The banner flying over downtown April 25 was there to grab some walker's attention. Trailing from an airplane, it read: "March of Dimes, Stop Animal Experiments." It was part of a protest by the Physicians Committee for Responsible Medicine (PCRM) against funding from the March of Dimes for medical animal experiments.
"The March of Dimes is spending large amounts of money toward animal testing, which is not relevant," said Andy Breslin, PCRM research and charities campaign coordinator.
Breslin said the March of Dimes is funding experiments that include giving alcohol, nicotine and cocaine to pregnant animals.
"This research has already been done," Breslin said. "It has been well-documented that those substances cause damage. But another statistic shows that 25 percent of expectant mothers continue to smoke during pregnancy. Maybe the March of Dimes could spend its money on interventionary programs instead of animal experiments."
Breslin said PCRM has targeted the March of Dimes because of its commitment to supporting "unnecessary" animal testing.
He would not say whether PCRM thinks all medical research using animal experiments was unnecessary.
"We don't make broad sweeping statements like that," he said.
Breslin said the March of Dimes spends an estimated $1 million on animal research each year.
Suzanne Young, March of Dimes national director of chapter communications, said it is impossible that PCRM could know how much it spent on animal testing.
"They have no way of knowing that information because we don't even know how many of our research projects involve animal projects," Young said. "We care very much whether research is rendering results and want to spend our precious dollars on finding treatment and prevention."
Lisa Makupson, director of communications for the March of Dimes Southwestern Ohio chapter, said the organization conducted research using substances such as alcohol to find out whether and in what way such substances caused birth defects.
"There is no duplication of funding research," she said. "We have funded research to study why the effects happen, but without the how, we cannot find treatments."
Breslin said PCRM also was concerned with the lack of alternatives the March of Dimes used in conducting medical research. There are many such alternative methods, he said.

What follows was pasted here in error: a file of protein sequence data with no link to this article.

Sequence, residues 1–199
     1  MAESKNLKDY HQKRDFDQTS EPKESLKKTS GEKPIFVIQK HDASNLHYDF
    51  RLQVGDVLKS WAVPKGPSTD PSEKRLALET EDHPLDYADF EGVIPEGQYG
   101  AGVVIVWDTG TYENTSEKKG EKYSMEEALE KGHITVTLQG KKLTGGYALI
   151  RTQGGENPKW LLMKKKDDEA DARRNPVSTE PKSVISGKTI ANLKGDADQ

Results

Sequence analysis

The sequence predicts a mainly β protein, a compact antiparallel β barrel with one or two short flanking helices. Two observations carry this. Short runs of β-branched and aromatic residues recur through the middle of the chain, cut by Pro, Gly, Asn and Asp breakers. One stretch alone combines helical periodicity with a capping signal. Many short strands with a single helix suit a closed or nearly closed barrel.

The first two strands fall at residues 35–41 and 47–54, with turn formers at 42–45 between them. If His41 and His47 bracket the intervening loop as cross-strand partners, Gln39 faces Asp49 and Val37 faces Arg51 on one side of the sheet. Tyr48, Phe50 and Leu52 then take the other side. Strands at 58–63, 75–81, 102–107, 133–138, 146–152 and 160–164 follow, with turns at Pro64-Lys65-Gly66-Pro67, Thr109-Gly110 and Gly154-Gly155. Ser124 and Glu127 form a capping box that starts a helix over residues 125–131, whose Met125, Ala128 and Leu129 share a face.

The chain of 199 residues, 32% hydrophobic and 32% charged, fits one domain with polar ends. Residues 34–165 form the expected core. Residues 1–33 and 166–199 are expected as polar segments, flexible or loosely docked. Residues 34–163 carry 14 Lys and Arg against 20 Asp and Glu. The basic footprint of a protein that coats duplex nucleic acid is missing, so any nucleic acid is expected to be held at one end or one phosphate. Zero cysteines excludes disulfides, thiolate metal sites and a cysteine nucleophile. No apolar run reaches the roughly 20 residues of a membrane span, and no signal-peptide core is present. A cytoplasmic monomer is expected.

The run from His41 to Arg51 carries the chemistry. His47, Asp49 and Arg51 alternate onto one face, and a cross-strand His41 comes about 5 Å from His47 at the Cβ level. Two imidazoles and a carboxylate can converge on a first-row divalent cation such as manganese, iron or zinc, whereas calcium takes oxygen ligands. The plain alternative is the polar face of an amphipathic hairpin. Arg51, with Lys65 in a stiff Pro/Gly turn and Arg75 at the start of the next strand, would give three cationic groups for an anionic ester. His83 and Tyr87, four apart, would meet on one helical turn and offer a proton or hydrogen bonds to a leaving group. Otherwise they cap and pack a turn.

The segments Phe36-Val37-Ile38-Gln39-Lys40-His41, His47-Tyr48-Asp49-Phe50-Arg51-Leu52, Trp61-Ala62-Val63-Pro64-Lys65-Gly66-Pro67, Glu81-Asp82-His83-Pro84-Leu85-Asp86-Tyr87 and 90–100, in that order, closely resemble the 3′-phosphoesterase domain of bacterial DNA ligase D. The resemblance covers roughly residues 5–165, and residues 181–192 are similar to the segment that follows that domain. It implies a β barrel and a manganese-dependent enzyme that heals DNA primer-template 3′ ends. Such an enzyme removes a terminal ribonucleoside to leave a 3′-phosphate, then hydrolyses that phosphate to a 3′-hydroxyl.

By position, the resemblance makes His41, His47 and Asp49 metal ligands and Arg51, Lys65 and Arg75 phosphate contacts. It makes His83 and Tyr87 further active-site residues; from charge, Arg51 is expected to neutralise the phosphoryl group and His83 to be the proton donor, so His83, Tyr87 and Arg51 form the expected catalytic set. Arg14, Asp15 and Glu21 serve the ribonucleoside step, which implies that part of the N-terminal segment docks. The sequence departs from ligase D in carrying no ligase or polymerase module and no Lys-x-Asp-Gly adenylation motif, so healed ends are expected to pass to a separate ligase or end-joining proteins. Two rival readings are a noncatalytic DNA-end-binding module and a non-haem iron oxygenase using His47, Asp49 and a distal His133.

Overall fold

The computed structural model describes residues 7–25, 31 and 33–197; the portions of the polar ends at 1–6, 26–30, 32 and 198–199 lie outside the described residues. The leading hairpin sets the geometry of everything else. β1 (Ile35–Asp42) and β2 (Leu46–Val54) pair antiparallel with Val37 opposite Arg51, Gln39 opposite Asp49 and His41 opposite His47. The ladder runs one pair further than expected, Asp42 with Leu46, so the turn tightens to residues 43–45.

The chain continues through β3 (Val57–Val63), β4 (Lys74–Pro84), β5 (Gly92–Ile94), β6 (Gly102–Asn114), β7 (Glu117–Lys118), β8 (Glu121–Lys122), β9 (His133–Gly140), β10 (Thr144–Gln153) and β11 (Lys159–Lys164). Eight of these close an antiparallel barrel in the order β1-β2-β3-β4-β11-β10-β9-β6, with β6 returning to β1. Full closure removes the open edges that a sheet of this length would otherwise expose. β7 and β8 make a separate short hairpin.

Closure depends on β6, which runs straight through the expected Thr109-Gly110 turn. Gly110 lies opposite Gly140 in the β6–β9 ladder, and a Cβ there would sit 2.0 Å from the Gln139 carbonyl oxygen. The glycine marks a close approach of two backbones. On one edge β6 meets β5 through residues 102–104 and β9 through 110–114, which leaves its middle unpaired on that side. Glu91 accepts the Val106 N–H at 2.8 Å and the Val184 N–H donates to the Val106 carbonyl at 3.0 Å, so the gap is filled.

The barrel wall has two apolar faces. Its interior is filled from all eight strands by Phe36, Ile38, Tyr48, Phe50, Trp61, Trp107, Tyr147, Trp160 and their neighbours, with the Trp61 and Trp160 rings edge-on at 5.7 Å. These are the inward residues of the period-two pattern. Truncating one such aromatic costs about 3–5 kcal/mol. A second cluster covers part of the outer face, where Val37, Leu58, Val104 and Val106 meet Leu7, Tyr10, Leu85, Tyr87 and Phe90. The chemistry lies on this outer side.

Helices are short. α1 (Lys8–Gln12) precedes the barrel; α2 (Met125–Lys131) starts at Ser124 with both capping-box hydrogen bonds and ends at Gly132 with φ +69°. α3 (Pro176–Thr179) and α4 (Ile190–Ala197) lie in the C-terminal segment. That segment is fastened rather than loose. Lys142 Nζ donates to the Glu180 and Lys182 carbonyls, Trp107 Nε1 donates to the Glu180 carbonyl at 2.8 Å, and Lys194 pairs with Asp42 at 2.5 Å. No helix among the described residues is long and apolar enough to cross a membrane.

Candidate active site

"We strongly advocate for alternative methods," he said. "Medical progress is not dependent on animal experiments. That is just the easy way that doesn't involve shifting the focus or implementing new strategies."
Observing human populations has proven to be a better research method because animals are very different from humans, he said. "Such studies established the link between folic acid deficiency and neural tube defects, and recently showed that magnesium sulfate could prevent two-thirds of cerebral palsy and half of mental redardation cases in very low-birth-weight babies," according to PCRM.
For example, Breslin said that when studying pregnant animals the research might not be relevant because a human has a nine-month gestation period while a mouse only has a 19-day gestation period.
"There are limited resources for research, and we are looking at what's the most effective approach," Breslin said. "In some cases studying animals can give false assurances that a similar action or drug will be safe on a human."
Makupson said the March of Dimes does conduct alternatives to animal research such as human tissue cultures and human observation.
"Our mission is to improve the health of babies," she said. "March of Dimes supports the use of medical research to investigate the causes and prevention of birth defects and infant mortality including, where necessary, the use of animals."
Makupson also said that the PCRM protest would not interfere with the WalkAmerica event.
"We respect that people will have different opinions about animal testing," she said. "But we plan to have a very successful event."
PCRM conducted similar protests in more than 100 cities nationwide including Dallas and Baltimore. ©